Bicycle rentals. Full-carbon racing bikes are available at the rate of 190 euros per bike. This price includes the 20-euro drop-off fee for the bike’s return to Geneva.
Day 1 (Friday or Sunday): Arrival in Geneva Arrive in Geneva at your leisure. Take time to discover this international city and its alluring lake on your own. In the beautiful old town you’ll find authentic Swiss restaurants; for international fare, plenty of restaurants are located in the Paquis district. Depending on the option you choose, you will lodge in downtown Geneva or across the border in a quiet French suburb. Day 2 (Saturday or Monday): Geneva -Seyssel (via Le Col de Richemond and Le Col de La Biche) In the morning, our staff will meet you at the hotel and provide you with all the necessary materials (our kit includes marked maps, detailed route notes, tourist information, and a pre-loaded GPS) for the next few days’ adventure. Start your cycling tour by riding through pretty Swiss villages such as Avully, Cartigny, Russin and Chancy before entering France through the Usses valley. Ride upward through the Jura Mountains and the passes of Col de Richemond – included in the 2012 Tour de France - and Col de la Biche. The stage ends in the charming town of Seyssel, which straddles the Rhône River. Day 3 (Sunday or Tuesday): Seyssel - Aix-Les-Bains (via Le Grand Colombier) From Seyssel, you cycle through the wine-growing region of Chautagne before riding through Culoz at the foot of the Col du Grand Colombier, one of France's most challenging mountain passes. Making its Tour de France début in 2012, Colombier's steepest section has a punishing gradient of 10.2% — but all that effort will be rewarded with spectacular views of the region. After visiting the pretty village of Chanaz, the route takes you to the shores of Lake Bourget, whose brilliant blue waters are home to more than 30 species of fish and various rare birds. As France's largest lake, it’s also a top destination for windsurfing, kayaking, water-skiing, diving and a range of other sports. The ride ends at the foot of the Alps in Aix-les-Bains, Bourget's most important town and a popular spa resort. Investigate Roman ruins or amble through lush gardens before heading to the town's historic center, where bustling cafés and first-rate restaurants exude Belle Époque charm. Day 4 (Monday or Wednesday): Aix-Les-Bains - Tournon or Saint-Pierre-d’Albigny (via Les Bauges) Today’s ride will take you out of Aix-les-Bains and towards Sainte-Hélène-sur-Isère on some of the region’s best kept secret cycling routes. Passing on small roads, you will truly feel like a local after today’s ride. With nearly 2,080m (9,185 ft) of total climbing, this ride takes you by Mont Revard, which is part of the Bauges mountain range. While not as well-known like some of the other mountain ranges in the area, the Bauges mountain range will not disappoint! The Tour de France has climbed it 5 times, passing most recently in 2013. In 1972, the stage between Aix-les-Bains and Mont Revard was, by its distance of 28km/17 miles, one of the shortest stages of the history of the Tour de France. Your ride will end in either in the picturesque towns of Sainte-Hélène-sur-Isère or Saint-Pierre-d’Albigny, depending on your hotel preference. Day 5 (Tuesday or Thursday): Tournon/Saint-Pierre-d’Albigny - Annecy (via Col des Saisies and Col des Aravis) The final ride of the tour first takes you to Annecy via the Olympic town of Albertville, home of the 1992 Winter Games. On your way, you will ride two famous mountain passes. First up is the more challenging Col des Saisies, a regular part of the Tour, with a climb of around 15km/9 miles and an average gradient of 6.4%. Next up is the Col des Aravis, also featured in the Tour almost 40 times, with an ascent of around 19km/11 miles and a gradient of 4.6%. The ride ends by Lake Annecy, which hosted a time-trial in the 2009 Tour and was featured in the 2013 Tour de France. Canals crisscross the medieval town center – hence its “Venice of the Savoy” nom de plume — and a medieval castle dominates. For a truly relaxing end to your holiday, take a dip in Lake Annecy's turquoise waters or simply sunbathe on its shores. Day 6 (Wednesday or Friday): Departure After breakfast, you’re free to depart at the time of your choice. Before you do, consider strolling through the old part of Annecy, one of France’s prettiest towns.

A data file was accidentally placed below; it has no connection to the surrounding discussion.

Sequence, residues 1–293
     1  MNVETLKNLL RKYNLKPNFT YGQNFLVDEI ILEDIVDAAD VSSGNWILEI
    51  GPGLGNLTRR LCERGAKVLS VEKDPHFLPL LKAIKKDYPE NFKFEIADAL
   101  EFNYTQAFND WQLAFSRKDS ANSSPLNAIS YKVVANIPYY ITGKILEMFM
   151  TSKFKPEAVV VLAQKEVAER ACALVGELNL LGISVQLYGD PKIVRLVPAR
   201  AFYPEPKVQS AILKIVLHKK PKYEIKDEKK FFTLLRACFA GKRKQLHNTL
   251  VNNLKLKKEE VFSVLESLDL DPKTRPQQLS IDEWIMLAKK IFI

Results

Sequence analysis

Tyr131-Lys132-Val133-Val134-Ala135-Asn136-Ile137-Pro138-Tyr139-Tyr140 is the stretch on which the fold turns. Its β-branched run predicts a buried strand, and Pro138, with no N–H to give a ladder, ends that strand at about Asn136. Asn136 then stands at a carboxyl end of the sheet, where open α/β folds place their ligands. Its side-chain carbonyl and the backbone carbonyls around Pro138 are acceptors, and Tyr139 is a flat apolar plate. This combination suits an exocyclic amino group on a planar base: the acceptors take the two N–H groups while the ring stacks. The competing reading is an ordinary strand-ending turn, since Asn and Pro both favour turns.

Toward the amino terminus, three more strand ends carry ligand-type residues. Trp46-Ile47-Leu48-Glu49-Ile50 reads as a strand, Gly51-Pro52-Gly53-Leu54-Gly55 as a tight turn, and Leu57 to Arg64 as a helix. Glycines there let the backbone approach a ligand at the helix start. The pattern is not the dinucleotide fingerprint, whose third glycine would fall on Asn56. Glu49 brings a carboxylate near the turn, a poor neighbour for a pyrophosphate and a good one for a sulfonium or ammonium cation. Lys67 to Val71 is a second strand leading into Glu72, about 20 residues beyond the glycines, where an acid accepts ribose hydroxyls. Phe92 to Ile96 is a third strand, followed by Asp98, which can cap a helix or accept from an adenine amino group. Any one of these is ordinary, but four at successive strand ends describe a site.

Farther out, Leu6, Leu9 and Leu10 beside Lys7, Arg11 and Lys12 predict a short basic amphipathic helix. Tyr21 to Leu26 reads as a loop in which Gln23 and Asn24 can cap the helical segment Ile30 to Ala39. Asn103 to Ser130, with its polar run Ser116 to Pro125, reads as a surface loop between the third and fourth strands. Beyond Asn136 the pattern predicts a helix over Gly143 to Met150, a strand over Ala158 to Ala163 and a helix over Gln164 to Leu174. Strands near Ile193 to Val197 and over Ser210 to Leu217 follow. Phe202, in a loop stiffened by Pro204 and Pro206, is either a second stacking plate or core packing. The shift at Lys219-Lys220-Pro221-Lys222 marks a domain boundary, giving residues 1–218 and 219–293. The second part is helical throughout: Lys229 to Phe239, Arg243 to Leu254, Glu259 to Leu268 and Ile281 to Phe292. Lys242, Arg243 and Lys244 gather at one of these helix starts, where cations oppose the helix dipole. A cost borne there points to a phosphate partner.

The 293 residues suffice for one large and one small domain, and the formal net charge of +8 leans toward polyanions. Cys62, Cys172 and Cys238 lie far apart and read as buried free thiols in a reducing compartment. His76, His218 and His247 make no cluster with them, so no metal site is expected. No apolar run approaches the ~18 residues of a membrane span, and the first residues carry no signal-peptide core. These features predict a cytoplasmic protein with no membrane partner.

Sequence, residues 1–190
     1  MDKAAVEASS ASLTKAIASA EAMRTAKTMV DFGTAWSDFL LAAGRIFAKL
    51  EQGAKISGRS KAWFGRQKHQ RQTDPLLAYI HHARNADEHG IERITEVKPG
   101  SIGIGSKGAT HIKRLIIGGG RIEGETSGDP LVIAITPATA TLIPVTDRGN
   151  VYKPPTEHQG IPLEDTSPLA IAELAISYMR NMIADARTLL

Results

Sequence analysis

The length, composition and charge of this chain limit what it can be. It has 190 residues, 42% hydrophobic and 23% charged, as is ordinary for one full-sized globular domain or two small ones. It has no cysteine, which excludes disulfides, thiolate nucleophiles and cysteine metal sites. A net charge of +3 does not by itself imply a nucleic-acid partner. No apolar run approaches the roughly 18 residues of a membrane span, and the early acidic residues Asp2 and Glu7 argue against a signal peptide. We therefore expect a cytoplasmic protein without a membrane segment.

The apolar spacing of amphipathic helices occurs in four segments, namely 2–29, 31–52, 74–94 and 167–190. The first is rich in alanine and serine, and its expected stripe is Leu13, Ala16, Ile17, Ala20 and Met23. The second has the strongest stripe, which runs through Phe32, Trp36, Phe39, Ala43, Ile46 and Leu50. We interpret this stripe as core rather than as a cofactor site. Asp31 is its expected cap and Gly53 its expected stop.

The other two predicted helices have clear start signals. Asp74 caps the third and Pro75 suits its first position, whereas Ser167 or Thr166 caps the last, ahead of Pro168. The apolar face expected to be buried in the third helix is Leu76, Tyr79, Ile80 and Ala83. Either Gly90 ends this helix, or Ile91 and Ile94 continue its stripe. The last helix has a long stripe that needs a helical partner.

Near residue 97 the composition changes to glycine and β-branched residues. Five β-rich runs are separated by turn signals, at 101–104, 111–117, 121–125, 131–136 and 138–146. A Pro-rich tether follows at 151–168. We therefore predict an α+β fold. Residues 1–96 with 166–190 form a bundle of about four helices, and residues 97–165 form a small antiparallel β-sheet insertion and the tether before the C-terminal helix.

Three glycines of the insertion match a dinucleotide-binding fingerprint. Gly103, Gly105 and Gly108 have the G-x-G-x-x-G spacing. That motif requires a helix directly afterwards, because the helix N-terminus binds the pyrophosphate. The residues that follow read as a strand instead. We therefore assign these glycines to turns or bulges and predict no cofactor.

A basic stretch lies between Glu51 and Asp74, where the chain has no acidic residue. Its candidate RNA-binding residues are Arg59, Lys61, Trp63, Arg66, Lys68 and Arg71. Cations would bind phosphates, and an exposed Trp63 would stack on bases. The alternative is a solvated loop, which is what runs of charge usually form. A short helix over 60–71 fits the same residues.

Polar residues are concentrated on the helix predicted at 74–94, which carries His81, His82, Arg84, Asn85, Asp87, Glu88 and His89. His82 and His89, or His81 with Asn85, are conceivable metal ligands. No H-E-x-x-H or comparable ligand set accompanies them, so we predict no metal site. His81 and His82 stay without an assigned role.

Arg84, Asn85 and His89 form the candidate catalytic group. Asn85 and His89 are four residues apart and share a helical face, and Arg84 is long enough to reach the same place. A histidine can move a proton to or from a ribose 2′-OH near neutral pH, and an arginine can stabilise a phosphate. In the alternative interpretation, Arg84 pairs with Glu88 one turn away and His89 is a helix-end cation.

This one-week stay in an occasion to ride the most beautiful itineraries that have been followed by professional cyclists during the Tour de France. Michel Bibollet, a former professional cyclist and Freddy Porret, tenured with a Cyclism state certificate, will be at your side. You can choose between 3 accomodation options for 8 days/7 nights, with a cycling package including the 5 itineraries of the week.